World Library  
Flag as Inappropriate
Email this Article

Sulo Kolkka

Article Id: WHEBN0020387066
Reproduction Date:

Title: Sulo Kolkka  
Author: World Heritage Encyclopedia
Language: English
Publisher: World Heritage Encyclopedia

Sulo Kolkka

Sulo Kolkka (dates of birth and death sometimes reported December 20, 1904 - August 21, 1988) is most likely a fictional character, (or the real name is not known) who is said to have been a Finnish sniper during World War II, with over 400 confirmed kills.

According to some stories, Kolkka was born in Säkkijärvi, South Karelia and died in Kangasala. Kolkka is often reported to have killed over 400 Red army soldiers and officers during 105 days of the Winter War. As such he would be the second deadliest sniper of the Finnish army in World War II, after Simo Häyhä.

His name is not mentioned in Finnish Defence Forces archives, newspapers or magazines of the era. His name is hard to find even in post-war fictional war literature, and there exist no photographs of him. When compared to legendary real-life sniper Häyhä, whose name was used excessively for promotional purposes, it is reasonable to presume that there was no sniper named Sulo Kolkka. In addition, Häyhä's actions and Kolkka's described deeds during the war carry a great resemblance.

However, there was a nationally fairly well known war correspondent, Sulo "Simeoni" Kolkka, who sometimes reported of Simo Häyhä's deeds to other domestic and foreign war correspondents. It has been assumed, that a foreign journalist mixed the names of the sniper and the reporter, thus giving birth to a legend without a base in reality. Kolkka becomes another legendary sniper apocryphal.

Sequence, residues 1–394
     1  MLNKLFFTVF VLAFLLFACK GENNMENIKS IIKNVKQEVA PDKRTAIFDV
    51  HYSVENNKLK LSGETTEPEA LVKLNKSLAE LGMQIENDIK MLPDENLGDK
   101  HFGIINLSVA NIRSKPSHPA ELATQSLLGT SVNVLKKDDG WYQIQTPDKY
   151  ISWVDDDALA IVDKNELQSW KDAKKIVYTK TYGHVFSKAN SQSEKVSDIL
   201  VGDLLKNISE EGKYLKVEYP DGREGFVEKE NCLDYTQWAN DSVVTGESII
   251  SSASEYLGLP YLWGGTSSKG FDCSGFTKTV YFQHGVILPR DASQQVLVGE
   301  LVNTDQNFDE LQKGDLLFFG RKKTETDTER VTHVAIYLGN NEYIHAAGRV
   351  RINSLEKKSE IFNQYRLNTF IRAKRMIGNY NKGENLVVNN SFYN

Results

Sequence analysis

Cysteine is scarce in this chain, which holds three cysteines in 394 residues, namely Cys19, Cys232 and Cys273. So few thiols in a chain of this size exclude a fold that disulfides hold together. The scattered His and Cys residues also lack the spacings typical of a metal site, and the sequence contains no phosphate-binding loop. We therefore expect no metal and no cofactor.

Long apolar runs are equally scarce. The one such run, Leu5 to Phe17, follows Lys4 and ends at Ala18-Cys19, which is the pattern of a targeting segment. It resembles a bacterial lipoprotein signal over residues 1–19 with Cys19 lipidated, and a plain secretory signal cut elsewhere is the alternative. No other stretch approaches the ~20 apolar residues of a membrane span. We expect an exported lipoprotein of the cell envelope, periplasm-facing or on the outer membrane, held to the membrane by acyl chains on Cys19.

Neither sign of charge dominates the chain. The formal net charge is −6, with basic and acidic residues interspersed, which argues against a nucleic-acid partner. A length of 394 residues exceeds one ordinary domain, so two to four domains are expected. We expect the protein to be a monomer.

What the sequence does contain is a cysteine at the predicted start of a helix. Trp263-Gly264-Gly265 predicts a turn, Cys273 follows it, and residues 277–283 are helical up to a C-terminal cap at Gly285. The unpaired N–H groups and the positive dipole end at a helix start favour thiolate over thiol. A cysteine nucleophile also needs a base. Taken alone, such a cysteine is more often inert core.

This article was sourced from Creative Commons Attribution-ShareAlike License; additional terms may apply. World Heritage Encyclopedia content is assembled from numerous content providers, Open Access Publishing, and in compliance with The Fair Access to Science and Technology Research Act (FASTR), Wikimedia Foundation, Inc., Public Library of Science, The Encyclopedia of Life, Open Book Publishers (OBP), PubMed, U.S. National Library of Medicine, National Center for Biotechnology Information, U.S. National Library of Medicine, National Institutes of Health (NIH), U.S. Department of Health & Human Services, and, which sources content from all federal, state, local, tribal, and territorial government publication portals (.gov, .mil, .edu). Funding for and content contributors is made possible from the U.S. Congress, E-Government Act of 2002.
Crowd sourced content that is contributed to World Heritage Encyclopedia is peer reviewed and edited by our editorial staff to ensure quality scholarly research articles.
By using this site, you agree to the Terms of Use and Privacy Policy. World Heritage Encyclopedia™ is a registered trademark of the World Public Library Association, a non-profit organization.

Copyright © World Library Foundation. All rights reserved. eBooks from Project Gutenberg are sponsored by the World Library Foundation,
a 501c(4) Member's Support Non-Profit Organization, and is NOT affiliated with any governmental agency or department.